BroadmindedBroadminded opens with one of the most bizarre, fetishistic sequences in a pre-Code comedy—a high society party in which all the attendees are dressed as babies. The centerpiece involves Joe E. Brown riding in a crib, wearing a bonnet, and drinking from a milk bottle as a dozen or so attractive young women watch in suggestive admiration. From there, it’s a pretty standard road picture, but some of the particulars (including a threatening adversary played by Bela Lugosi) feel similarly unique. At this stage in his career, the studios didn’t seem to quite know how to best serve Brown’s persona—as with Going Wild, here he suggests the standard of the modern man, with his very stylishness clashing with his brash persona and creating a fairly unlikable combination. To better serve all audiences, Brown would later appear more wholesome, both in his demeanor and in steering pretty clear of the sexuality that opens Broadminded. Aside from Lugosi, Thelma Todd also appears in a small role, giving the film the appeal of seeing both of the performers before their careers would take drastic (in Todd’s case, tragic) turns. Marjorie White steals the show as the blonde who has her sights set on Brown, and Margaret Livingston contributes fine work as the high society ex-fiancée of William Collier Jr.

Sit Tight (1931)
August 8, 2016, 12:14 pm
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Director: Lloyd Bacon
2.5 Stars
Sit TightAs with Going Wild, his previous comedy for First National Pictures, Sit Tight is yet another Joe E. Brown musical in which almost all of the musical numbers were cut before release due to audience exhaustion. The one significant exception makes one wonder what direction the rest of the film might have taken—in a fantasy sequence, Brown imagines Winnie Lightner dressed in a feather turban and shaking her rear. And yet if the cuts robbed audiences of a musical about professional wrestling, Sit Tight does provide the inspired casting of Brown and Lightner as co-stars—if Lightner is woefully underutilized, she is just the sort of talent to compliment Brown. Whereas Brown exceeds with mugging and reaction shots, Lightner’s great talents are as a female Lee Tracy—she’s a smack-talking motormouth, putting everyone around her in their place. Their scenes together are predictably enjoyable but frankly there are too few of them (one wishes the film scrapped a bland romantic subplot in favor of more of their interactions together). Despite her casting, Sit Tight is not particularly better or worse than the average Brown vehicle, including the reliably amusing action scene (this time making great use of Brown’s athleticism) and a few moderately enjoyable scenes in which the loudmouth gets put in his place.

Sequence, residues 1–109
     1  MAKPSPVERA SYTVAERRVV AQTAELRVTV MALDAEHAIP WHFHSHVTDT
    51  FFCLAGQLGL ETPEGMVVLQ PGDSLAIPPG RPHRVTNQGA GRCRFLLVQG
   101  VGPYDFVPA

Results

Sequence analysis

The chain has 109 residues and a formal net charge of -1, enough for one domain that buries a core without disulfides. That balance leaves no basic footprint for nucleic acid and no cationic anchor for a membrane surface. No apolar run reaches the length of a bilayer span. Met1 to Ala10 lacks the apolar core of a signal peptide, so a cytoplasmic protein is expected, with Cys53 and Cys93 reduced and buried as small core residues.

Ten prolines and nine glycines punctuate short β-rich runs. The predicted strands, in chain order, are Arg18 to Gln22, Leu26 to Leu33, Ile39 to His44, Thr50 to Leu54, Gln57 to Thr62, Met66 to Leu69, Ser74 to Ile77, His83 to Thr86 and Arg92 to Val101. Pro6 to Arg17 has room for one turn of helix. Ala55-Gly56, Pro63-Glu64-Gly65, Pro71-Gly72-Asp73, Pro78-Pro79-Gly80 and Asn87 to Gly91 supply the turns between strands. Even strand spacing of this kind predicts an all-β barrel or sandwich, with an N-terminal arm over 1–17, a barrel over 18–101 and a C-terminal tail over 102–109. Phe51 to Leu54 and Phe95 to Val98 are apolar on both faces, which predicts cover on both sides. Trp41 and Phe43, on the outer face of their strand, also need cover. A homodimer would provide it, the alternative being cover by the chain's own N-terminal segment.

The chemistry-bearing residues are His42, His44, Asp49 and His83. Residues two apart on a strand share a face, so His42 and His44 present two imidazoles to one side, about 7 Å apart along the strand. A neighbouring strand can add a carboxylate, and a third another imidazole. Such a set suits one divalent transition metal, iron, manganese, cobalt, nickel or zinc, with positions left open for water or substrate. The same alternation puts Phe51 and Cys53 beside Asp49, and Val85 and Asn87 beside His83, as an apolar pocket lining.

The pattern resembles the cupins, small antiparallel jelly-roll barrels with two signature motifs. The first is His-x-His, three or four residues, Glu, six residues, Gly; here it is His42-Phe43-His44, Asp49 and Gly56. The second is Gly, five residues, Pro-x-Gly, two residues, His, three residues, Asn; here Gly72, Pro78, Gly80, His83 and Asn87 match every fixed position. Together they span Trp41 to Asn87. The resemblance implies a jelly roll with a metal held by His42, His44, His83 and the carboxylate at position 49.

The Millionaire (1931)
June 25, 2016, 4:57 pm
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Director: John G. Adolfi
3.5 Stars
The MillionaireIn the early-1930s, there is perhaps no better example of a Hollywood star as the auteur of their films than George Arliss. After prestige picture Disraeli proved to be a big hit, the unlikely star not only had the respect of his peers, but new freedom at the studios. The Millionaire is a key example of Arliss’ forward-thinking genius in that he personally cast James Cagney for the role of a braggadocios insurance salesman who prompts the turning point in the film. It’s a small but crucial role, and the scene itself is a fascinating clash in styles—it is remarkable that a British thespian with a theater background could recognize the brilliance in Cagney’s unhinged, neurotic line deliveries. The rest of the picture is as charming as one would expect from Arliss, rife with his bemused reactions as he slyly controls the people around him, working as a sort of puppet master over the younger generation. As charming as the later scenes are (Evalyn Knapp is irresistible as his young daughter), Arliss’ true genius tends to come through in the melancholic moments. Here, there’s a bittersweet farewell to the automobile factory he built. The sequence plays much longer than one might typically expect, and Arliss focuses on the gestures with terrific detail—the way he studies the engine he innovated, how he throws his keys on the table. A bittersweet piano rendition of Auld Lang Syne accompanies the scene, giving equal credence to both the farewell and to the promise of the future (the poetic equivalent of the Cagney/Arliss scene, which similarily carries the weight of the passing of a generation and the rise of the next).